Nevertheless, a critical issue when dealing with allogeneic MSCs remains the potential for immune reaction to be elicited in the host tissue. Evidences in literature are present outlining the immunogenicity of MSCs from an allogeneic source and the fact that this reaction may hamper dramatically the tissue regeneration process in the same cells were supposed to be enhanced. The study of Eliopoulos et al. in 2005  showed the alarming reject of allogeneic MSCs implanted subcutaneously in mice. A similar fate of these cells has been observed by Huang et al.  in a preclinical rat model of myocardial infarction. In their study, the authors showed that allogeneic cells were rejected from the host cardiac tissues by 5 weeks after implantation. This may be partially explained by a transient immunoprivileged status of MSCs that may later acquire immunogenicity during their differentiation and trophic process in the host environment, thus eliciting an immune reaction by the native immune system. Immune reactions and short engraftment time have also been described by Tano et al.  in a model of allogeneic MSC transplantation on the epicardial surface of rat hearts. A similar paradigm has been confirmed recently by Oliveira et al.  in a preclinical model of MSC transplantation in the murine kidney. They observed lymphocytic infiltration and allogeneic MSC rejection no later than 28 days after transplantation. As a consequence, they suggested the fascinating concept of “preactivation” of cells, by treatment with INF-gamma and TNF-alpha, in order to reduce immunogenicity and prolong their engraftment period and their trophic properties. A potential immune reaction in human has been recently hypothesized by de Windt et al.  in their clinical trial of cartilage repair by means of allogeneic MSCs and chondrons. Despite their encouraging results, no allogeneic cells were found at the repair site at 1 year, suggesting a time-limited trophic effect of MSCs that would have been gradually removed by the host immune system during their differentiation processes. This agrees with a previous in vitro observations of Mukonoweshuro et al. , who have outlined the immunosuppressive properties but not the immunoprivileged status of allogeneic chondrogenic-committed MSCs in a mouse model. The potential immune reaction elicited by MSCs may also lead to detrimental effect in the repair setting, as shown preclinically by Sbano et al.  in a mouse model of skin graft transplantation and by Seifert et al.  in a rat kidney transplantation setting. Overall, these evidences claim for a cautious approach in a potential clinical application of allogeneic MSCs, despite the recent literature is outlining, as a counterpart, the safety and some promising results. Indeed, the studies of Garcia-Sancho et al.  showed a possible application in knee osteoarthritis and degenerative disc disease with few safety concerns, probably due to the peculiar “insulated” recipient site of the cells, and Wang et al.  have recently proposed the injection of allogeneic MSCs during ACl reconstruction to improve symptoms and structural outcome. With a longer follow-up, Park et al.  have shown the promising effect of the implantation of a composite made by allogeneic UC blood-derived MSCs and hyaluronate hydrogel to improve cartilage healing in osteoarthritic patients. Similar evidences have been proposed by Vega et al.  and by Gupta et al. , who treated knee osteoarthritic patients by a direct intra-articular injection of allogeneic human MSCs. In a different setting, Morrison et al.  have recently demonstrated the feasibility of cranial bone reconstruction by means of allogeneic mesenchymal stromal cells (MSCs) on a ceramic carrier and polymer scaffold, similarly to the preclinical observations of Todeschi et al.  regarding UC-MSC transplantation in mice calvarial defects. So far, the controversy of allogeneic MSC therapy is still a debated issue in literature. However, a common element seems to be present in all these studies. Indeed, a different role of MSCs is emerging from the preclinical and clinical recent evidences that may lead to reconsider the use of allogeneic MSCs as “replenishing cells for injured tissues,” assuming their immune system recognition. Far from being a “building block” submitted to the host immune system (and, thus, with a limited viability of 2–4 weeks), the allogeneic MSCs may otherwise represent the transient paracrine catalyzers that work well for a short period of time with a “hit and run effect” . This new paradigm implies the lack of the “need of persistence” in the host tissue, as the therapeutic effects of MSCs are independent of a direct differentiation, but they can be exerted locally by promoting the resident population to hasten the repair process for a limited period of time, until the allogeneic MSCs are cleared by the host immune system. In this perspective, it can be easily understood the greater effect of implanting allogeneic MSCs in a “confined environment” (i.e., in the joint or embedded in a bioscaffold); as in these settings, the immune system may be hampered in rapidly eliminating the MSCs. Furthermore, the various regenerative properties of allogeneic MSCs observed in literature may coexist with a reduced survival time due to the fact that they depend on the factors secreted by the cells in the first days after transplantation, also known as the “secretome.” Indeed, together with the concept of MSC preactivation to prolong the cell survival time, the secretome surely represents one of the future frontiers in allogeneic MSC tissue engineering research.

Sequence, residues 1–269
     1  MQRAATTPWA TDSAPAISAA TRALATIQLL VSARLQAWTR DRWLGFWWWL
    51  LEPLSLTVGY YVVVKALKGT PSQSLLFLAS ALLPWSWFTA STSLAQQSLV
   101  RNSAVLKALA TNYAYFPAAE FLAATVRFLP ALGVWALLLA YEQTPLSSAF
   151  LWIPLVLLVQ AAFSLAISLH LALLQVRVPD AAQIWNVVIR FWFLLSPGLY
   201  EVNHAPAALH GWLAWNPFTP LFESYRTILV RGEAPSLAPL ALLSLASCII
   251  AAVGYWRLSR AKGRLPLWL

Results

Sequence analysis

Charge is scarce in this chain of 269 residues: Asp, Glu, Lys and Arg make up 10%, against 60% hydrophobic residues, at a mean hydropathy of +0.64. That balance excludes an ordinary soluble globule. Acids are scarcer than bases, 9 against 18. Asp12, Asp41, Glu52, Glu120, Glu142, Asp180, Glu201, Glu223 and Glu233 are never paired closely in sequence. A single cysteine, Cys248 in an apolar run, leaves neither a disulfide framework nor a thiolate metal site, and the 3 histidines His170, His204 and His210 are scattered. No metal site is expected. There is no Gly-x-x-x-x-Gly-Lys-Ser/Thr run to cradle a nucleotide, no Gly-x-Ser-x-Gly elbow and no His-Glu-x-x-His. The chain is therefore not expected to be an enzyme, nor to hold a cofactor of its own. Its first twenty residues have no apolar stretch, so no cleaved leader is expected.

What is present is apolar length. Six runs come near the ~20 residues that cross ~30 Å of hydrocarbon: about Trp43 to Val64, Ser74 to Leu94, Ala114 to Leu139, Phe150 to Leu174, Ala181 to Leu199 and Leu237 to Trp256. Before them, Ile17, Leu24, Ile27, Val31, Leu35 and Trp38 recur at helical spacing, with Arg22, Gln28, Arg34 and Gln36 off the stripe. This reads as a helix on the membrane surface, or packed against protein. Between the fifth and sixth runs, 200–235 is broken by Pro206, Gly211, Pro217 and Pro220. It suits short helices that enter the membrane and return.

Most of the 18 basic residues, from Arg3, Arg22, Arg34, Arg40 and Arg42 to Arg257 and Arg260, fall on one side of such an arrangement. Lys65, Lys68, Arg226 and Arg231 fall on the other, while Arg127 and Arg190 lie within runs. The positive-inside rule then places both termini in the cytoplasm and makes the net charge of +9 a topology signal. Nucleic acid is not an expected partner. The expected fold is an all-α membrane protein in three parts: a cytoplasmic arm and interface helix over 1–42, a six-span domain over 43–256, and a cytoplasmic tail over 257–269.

In conclusion, the present study confirms the chondrogenic and osteogenic commitment of UC-MSCs when cultured in tridimensional scaffold and it suggests the possible involvement of UC-MSCs for the generation of endochondral scaffolds to improve bone regeneration by recapitulating endochondral ossification process. These observations offer a solid perspective for future preclinical studies aiming to improve cartilage repair and bone regeneration. Furthermore, UC-MSCs derive from a previously discarded material as the umbilical cord; thus, they represent a stem cell population with several advantages as a greater bioavailability and lower ethical implications than other cell sources. All in all, UC-MSCs may be reasonably considered an attractive opportunity for orthopaedic allogeneic stem cell therapy.
Conflicts of Interest
The authors declare that there is no conflict of interest regarding the publication of this paper.
Supplemental Figure 1: Cell count and expansion at P1. Supplemental Figure 2: Flow cytometry analysis of surface-marker expression on umbilical cord mesenchymal cells, after one passage in culture. Supplemental Figure 3: Chondrogenic differentiation of UC-MSCs seeded on Chondro-gide. Supplemental Figure 4: Chondrogenic differentiation of UC-MSCs seeded on Hyaff. Supplemental Figure 5 Expression of osteogenic markers in UC-MSCs seeded onto Orthoss cubes.